• 1:00 p.m. — “Science Fiction Writer’s Showcase”
  • 3:00 p.m. — Open Filk
  • 4:00 p.m. — Solo Concert!
  • 8:00 p.m. — Reading

Saturday:

  • 11:00 a.m. — Open Filk
  • 1:30 p.m. — Baen Books Traveling Slide Show & Prize Patrol
  • 4:00 p.m. — More Music (in the “Cantina”)
  • 6:00 p.m. — Open Filk
  • 9:00 p.m. — Panel, “How Much Science Should a Science Fiction Writer Know?”

Sunday:

  • 9:00 a.m. — Prayer & Praise Service
  • Noon — Open Filk
  • 1:00 p.m. — Round Robin Music Fest

Unfortunately, I won’t be able to make it to the Research Triangle Writers Coffeehouse on Sunday, but a friend volunteered to moderate that session so it will go on as scheduled!

Here’s looking forward to a lot of fun with my fannish friends!

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Ground Control to LibertyCon …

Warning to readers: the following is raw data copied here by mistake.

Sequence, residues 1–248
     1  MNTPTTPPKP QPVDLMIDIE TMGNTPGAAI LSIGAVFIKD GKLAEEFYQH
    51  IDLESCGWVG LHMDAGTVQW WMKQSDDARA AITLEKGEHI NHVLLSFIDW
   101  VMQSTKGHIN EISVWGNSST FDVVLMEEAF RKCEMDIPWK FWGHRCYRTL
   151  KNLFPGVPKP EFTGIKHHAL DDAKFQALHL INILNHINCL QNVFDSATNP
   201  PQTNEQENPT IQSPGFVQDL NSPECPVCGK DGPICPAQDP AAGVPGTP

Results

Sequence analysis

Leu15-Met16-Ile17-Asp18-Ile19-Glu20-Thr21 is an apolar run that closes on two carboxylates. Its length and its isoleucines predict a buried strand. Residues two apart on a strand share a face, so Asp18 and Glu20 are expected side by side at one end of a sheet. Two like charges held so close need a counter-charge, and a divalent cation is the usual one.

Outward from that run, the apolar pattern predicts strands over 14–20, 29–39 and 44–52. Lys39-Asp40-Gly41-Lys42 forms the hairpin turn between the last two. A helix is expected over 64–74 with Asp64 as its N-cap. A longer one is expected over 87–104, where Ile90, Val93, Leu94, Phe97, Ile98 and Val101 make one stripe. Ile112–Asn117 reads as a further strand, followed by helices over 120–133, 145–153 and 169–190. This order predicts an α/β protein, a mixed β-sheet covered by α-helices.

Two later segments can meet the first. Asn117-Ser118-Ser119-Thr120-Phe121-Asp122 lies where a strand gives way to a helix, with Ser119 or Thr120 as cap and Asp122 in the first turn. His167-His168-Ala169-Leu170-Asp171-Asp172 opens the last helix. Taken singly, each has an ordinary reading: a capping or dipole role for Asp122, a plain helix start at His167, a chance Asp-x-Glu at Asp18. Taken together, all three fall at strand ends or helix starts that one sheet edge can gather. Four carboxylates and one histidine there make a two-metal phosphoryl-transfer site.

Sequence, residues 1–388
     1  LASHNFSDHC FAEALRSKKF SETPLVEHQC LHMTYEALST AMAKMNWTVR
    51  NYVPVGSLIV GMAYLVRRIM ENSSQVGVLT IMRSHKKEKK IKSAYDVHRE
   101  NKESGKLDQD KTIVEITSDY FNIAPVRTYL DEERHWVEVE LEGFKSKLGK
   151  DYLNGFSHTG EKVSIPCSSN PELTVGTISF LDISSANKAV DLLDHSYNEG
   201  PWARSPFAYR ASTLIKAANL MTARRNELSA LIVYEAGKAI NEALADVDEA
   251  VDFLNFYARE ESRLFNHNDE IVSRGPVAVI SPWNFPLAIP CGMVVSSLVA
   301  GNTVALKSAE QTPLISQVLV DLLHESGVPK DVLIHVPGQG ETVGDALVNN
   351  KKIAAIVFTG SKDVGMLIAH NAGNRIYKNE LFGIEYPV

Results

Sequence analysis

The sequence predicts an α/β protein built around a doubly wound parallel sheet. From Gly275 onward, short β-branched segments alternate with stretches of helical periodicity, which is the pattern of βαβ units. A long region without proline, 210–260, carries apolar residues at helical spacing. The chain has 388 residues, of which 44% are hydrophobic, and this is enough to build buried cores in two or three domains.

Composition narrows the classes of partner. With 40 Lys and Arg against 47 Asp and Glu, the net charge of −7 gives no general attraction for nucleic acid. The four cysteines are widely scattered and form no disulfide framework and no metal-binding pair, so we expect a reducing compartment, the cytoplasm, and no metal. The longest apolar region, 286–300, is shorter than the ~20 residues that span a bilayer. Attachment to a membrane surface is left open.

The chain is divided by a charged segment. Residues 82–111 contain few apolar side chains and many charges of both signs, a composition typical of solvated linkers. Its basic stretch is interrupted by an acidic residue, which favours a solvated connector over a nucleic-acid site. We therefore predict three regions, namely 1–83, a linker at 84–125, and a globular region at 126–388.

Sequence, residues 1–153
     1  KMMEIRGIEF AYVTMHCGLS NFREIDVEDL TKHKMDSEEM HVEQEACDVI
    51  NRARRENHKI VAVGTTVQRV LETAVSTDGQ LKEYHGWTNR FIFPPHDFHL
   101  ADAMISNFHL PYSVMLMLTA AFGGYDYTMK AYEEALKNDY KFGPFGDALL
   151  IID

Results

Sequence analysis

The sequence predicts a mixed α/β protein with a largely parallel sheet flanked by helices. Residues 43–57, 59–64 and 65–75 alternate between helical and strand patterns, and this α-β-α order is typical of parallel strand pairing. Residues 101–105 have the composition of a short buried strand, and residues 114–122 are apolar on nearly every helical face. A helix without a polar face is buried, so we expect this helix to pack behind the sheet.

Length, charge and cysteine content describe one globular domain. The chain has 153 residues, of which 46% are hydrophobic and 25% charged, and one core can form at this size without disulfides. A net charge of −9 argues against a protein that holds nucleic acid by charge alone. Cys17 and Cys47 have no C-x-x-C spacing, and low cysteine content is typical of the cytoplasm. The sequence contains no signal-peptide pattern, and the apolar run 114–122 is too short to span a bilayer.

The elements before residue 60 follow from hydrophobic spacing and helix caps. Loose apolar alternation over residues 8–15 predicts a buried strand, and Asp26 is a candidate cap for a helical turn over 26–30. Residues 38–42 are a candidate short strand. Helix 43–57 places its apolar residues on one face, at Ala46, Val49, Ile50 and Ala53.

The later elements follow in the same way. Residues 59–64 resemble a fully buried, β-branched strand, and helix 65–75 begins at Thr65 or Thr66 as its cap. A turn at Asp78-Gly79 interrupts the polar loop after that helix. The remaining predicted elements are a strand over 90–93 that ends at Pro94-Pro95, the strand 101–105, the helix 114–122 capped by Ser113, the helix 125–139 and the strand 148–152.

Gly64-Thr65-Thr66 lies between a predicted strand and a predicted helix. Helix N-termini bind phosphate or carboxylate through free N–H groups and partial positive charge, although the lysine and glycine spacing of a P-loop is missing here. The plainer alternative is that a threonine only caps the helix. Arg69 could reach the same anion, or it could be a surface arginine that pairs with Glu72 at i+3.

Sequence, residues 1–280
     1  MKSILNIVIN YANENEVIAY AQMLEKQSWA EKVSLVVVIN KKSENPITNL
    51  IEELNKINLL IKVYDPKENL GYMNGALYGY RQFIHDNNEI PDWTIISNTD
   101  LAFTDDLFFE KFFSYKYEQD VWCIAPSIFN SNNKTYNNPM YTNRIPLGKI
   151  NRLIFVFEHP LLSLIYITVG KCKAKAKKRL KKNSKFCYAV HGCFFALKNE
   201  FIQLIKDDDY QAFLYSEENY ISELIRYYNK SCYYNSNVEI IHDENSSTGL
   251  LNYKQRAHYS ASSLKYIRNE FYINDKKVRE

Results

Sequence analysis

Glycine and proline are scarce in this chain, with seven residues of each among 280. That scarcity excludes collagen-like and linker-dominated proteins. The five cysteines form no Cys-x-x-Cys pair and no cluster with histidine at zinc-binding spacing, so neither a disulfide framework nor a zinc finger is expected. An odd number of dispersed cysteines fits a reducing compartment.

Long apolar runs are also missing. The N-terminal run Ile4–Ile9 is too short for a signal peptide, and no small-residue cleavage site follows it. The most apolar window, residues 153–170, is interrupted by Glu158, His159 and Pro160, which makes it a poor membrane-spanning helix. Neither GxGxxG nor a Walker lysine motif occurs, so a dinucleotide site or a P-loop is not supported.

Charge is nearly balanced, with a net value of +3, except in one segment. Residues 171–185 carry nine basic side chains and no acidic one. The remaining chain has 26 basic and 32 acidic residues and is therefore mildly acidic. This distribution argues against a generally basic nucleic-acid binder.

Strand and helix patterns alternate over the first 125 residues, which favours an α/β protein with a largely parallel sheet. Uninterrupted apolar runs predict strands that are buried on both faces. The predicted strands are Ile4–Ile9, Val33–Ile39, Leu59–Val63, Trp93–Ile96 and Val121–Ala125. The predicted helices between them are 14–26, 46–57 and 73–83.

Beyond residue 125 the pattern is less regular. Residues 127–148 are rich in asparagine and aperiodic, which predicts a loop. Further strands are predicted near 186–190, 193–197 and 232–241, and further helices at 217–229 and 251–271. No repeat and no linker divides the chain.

Ground Control to LibertyCon …
Take your bourbon shots
And put your Jayne hats on …

It’s that time of year again! The fannish family reunion known as LibertyCon starts today!

LibertyCon Illustration by Todd Lockwood
(Illustration by Todd Lockwood, from the year I was the LibertyCon MC.)

I’ll be busy right out of the gate, and tonight is packed:

Friday:

  • 1 p.m. — Author’s & Artist’s Alley — come by and chat!
  • 4 p.m. — Autograph Session — again, come by and chat!
  • 5 p.m. — Opening Ceremonies — at which I will sing, so beware
  • 6 p.m. — CONCERT (or, “LibertyConcert”) — at which I will sing more, almost certainly including “LibertyCon Oddity” (quoted above)
  • 8 p.m. (until 10:30) — Terraforming Mars — playing the game in front of an audience
  • 11 p.m. — Open Filk — at which I will sing even more, and hopefully other folks will, too!

Saturday:

  • Noon — Banquet — always a fun time!
  • 2 p.m. — Baen Books Traveling Road Show
  • 4 p.m. — Panel, “The Good, the Bad, and the Ugly: Writing Advice” — and remember what free advice is worth …
  • 11 p.m. — Nerd Music Free-for-all — like Open Filking, but nerdier? (is that even possible?)

Sunday: